One of the great things about the Finnish war drama, Unknown Soldier, is that it doesn’t rely on copious amounts of blood and carnage to make an impact on the viewer, nor does it ramp up the score to trigger some kind of emotional nerve. All too often, war films - especially those coming out of Hollywood - are plagued by cliches that involve the director increasing these departments to 11 as a way to elicit some type of response from the audience, and they fail to capture the human element of the story, which is what matters the most.
Don’t get me wrong. There have been some great war films over the years, but there have also been a lot that feel like they were just going through a checklist of everything that needs to be in it. Unknown Soldier doesn’t feel that way for a single second. It’s a raw, gut-punching look at how the men who fought in World War II were able to make it through the toughest of times by having their squad by their side. Sure, that sounds like your basic war film right there, but the way director Aku Louhimies captures it all is pretty magnificent.
Although this is the third adaptation of Väinö Linna’s novel of the same name, I can’t comment on how it compares to the previous two films, as I have not seen them. This review is strictly on the latest version. I will say, though, that having seen Louhimies’s adaptation has piqued my interest in seeking out the other two versions.
Unknown Soldier takes place between 1941 and 1944. The story’s main characters serve in a Finnish Army machine gun company, as they battle the Soviet Union. While most films in the same genre focus on the men fighting the battle, who then reminisce about being back home with their loved ones, Louhimies’s film will take some time away from the war to show certain members of the squad actually visiting their family members on leave and how them being home means a great deal for all involved. This approach is a rare one, but it’s effective in showing all aspects of the war, and how it greatly affects not just the soldiers, but those close to them, too.
One of the main characters who get the most attention in the story is Corporal Rokka (Eero Aho). Rokka helps lead the team through the toughest moments but also doesn’t believe in military discipline. And, whenever he gets the opportunity, he frees himself from the hell of battle to be with his family. There are several others who get a little bit of extra development to their personal story, but it’s mainly Rokka on whom the film focuses when it’s not showing the combat. He’s a strong character, and Aho is magnificent in the performance.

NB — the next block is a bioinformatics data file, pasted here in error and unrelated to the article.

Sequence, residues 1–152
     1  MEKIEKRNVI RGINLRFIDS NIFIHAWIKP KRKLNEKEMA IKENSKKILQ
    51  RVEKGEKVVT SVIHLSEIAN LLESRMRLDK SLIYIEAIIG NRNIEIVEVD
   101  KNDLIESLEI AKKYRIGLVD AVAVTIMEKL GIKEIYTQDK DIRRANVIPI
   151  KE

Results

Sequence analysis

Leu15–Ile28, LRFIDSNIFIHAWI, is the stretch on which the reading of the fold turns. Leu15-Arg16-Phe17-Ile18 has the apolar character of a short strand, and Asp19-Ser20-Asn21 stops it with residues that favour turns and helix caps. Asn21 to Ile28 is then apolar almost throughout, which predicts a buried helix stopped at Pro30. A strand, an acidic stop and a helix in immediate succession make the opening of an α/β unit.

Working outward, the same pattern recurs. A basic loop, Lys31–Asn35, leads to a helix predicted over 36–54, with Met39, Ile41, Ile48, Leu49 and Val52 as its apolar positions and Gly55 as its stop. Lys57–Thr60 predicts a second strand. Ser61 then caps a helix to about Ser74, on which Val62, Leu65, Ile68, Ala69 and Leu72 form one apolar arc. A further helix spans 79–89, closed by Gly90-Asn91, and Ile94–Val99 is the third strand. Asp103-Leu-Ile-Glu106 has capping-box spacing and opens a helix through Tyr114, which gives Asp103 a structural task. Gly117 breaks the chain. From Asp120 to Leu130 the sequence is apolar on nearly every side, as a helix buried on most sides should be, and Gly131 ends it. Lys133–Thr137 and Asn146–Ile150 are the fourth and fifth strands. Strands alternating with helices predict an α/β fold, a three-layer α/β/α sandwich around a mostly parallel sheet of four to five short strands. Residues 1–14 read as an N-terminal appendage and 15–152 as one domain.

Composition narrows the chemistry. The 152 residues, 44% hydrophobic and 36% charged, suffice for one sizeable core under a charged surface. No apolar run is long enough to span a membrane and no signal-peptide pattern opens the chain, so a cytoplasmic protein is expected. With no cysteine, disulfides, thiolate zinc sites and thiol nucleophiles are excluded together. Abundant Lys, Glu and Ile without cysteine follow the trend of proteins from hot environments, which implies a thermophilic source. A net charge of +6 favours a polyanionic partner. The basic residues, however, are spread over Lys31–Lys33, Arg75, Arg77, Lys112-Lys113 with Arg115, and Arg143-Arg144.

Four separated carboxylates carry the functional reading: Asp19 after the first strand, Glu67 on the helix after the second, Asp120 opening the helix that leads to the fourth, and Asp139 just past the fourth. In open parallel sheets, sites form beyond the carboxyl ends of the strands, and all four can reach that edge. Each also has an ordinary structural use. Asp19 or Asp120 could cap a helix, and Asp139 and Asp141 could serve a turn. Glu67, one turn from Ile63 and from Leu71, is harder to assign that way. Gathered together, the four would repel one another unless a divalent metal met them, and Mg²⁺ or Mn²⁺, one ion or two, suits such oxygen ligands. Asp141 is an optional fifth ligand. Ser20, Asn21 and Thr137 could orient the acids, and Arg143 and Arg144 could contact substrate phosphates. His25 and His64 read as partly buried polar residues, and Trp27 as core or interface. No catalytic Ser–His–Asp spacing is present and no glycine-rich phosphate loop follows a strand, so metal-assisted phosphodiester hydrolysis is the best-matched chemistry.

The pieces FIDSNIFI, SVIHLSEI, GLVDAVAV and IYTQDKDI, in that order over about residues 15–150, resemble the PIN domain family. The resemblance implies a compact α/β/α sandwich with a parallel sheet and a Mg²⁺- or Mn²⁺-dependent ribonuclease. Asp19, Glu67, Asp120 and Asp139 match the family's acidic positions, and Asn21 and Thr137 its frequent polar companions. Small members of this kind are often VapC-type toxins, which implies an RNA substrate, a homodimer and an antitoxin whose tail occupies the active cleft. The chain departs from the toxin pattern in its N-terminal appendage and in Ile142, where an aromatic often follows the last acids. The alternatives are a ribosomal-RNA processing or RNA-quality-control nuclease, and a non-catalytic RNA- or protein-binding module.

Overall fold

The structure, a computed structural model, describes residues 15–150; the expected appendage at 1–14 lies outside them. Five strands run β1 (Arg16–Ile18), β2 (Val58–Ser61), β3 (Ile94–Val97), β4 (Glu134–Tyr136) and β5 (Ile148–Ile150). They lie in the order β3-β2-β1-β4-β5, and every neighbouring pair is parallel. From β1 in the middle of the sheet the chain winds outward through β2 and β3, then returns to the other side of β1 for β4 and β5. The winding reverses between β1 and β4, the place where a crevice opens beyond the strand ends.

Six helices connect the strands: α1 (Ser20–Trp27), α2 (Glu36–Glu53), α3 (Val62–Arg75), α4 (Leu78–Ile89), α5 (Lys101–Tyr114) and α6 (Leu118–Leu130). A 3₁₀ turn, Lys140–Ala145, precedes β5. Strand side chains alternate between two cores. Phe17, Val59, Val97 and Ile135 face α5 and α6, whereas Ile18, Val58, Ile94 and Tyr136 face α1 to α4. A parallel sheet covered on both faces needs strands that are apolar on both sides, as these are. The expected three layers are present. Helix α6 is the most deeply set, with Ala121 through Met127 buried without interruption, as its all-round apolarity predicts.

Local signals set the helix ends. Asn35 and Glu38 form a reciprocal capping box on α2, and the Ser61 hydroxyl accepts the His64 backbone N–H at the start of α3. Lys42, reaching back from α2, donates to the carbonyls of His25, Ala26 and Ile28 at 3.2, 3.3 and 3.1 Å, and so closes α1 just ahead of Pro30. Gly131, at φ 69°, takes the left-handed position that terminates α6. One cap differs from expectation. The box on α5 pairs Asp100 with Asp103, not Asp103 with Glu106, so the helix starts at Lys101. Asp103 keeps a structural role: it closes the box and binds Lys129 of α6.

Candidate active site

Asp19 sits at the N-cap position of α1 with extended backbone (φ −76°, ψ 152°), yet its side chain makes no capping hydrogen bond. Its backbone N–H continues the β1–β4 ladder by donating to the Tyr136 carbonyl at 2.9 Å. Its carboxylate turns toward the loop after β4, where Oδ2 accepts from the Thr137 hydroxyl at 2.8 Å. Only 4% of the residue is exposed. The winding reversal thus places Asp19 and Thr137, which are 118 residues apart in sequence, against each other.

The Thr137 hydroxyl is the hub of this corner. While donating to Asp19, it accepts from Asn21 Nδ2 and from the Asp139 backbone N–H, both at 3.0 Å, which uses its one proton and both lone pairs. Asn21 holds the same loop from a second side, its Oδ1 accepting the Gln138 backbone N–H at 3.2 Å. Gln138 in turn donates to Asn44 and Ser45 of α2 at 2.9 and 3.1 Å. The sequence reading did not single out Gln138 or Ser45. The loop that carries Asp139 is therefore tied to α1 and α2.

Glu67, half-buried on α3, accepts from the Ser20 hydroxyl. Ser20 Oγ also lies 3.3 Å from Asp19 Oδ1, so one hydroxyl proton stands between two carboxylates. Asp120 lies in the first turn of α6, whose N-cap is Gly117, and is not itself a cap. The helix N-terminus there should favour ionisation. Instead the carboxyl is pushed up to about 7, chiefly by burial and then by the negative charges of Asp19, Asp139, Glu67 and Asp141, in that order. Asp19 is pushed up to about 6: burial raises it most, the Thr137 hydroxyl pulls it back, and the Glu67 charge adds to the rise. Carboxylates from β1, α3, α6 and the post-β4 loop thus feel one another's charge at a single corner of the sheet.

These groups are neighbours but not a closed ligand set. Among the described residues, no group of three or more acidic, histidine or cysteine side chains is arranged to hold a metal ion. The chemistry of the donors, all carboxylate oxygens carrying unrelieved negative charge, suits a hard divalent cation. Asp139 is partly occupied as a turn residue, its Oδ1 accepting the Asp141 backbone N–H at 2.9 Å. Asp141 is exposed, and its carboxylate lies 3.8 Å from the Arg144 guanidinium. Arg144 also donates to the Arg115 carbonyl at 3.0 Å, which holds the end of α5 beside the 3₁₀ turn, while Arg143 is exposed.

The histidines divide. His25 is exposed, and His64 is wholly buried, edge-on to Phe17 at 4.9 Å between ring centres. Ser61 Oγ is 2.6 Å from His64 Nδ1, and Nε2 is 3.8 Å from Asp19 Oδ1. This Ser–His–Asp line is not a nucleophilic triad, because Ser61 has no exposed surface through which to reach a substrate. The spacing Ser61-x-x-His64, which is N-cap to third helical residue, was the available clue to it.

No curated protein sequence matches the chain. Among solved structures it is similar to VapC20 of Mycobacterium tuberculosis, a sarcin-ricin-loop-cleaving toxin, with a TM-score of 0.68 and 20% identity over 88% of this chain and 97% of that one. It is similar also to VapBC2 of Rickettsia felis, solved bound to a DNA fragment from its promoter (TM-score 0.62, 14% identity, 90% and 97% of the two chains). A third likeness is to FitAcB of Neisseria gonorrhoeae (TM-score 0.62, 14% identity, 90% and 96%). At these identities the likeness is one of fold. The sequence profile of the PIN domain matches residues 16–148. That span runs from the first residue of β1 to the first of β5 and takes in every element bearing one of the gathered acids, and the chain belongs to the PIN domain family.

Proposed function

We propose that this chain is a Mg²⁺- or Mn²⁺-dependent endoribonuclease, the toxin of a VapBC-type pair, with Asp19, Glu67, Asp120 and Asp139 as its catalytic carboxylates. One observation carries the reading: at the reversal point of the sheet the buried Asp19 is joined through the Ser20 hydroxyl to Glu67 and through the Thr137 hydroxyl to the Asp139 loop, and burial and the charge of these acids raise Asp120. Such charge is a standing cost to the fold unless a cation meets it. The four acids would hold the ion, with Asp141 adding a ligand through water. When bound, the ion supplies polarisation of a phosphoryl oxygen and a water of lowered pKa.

When it comes to the battle scenes, Louhimies doesn’t shy away from depicting the brutality of war. When the bullets are whizzing by, the camera is right there in the battlefield as the soldiers try to dodge them. There’s never a moment where it feels like the audience is in the back seat as everything is happening. The sounds of the ricochets and impact of the bullets are captured at an unsettling but realistic level. If you have a good sound system at home, this would be a great one to watch.
A previous international release had trimmed the film’s initial three-hour runtime to two hours and 15 minutes. Kino Lorber did an excellent job of bringing this film to the U.S. in its full, unedited format. The picture is presented in a 16x9 format with a 2.39:1 aspect ratio, capturing the beautiful imagery of Finland and the grim battle scenes so perfectly. Viewers can choose from 7.1 surround, 5.1 surround, and 2.0 stereo, when it comes to the sound quality of the film. There are only a few special features, but they run longer than most do. Into the Unknown: The Making of Unknown Soldier is a documentary that focuses on the making of the film and has interviews with the cast and crew. Its approach is different than most behind-the-scenes features. There are also a few deleted scenes and post-production featurettes for those who want to know what happens when the movie is in its final stages before getting released to theaters.
Unknown Soldier is a tense, realistic war drama that doesn’t shy away from the horrors of battle. It doesn’t overdramatize the emotions, nor does it have a soundtrack that overpowers the film. Surprisingly, the use of music is pretty minimal here, but when it’s present, it works wonderfully. If there were another war film to which I would compare Louhimies’s, it would be Terrence Malick’s The Thin Red Line. Both are a slower, more poetic approach to the war genre, and are beautifully directed.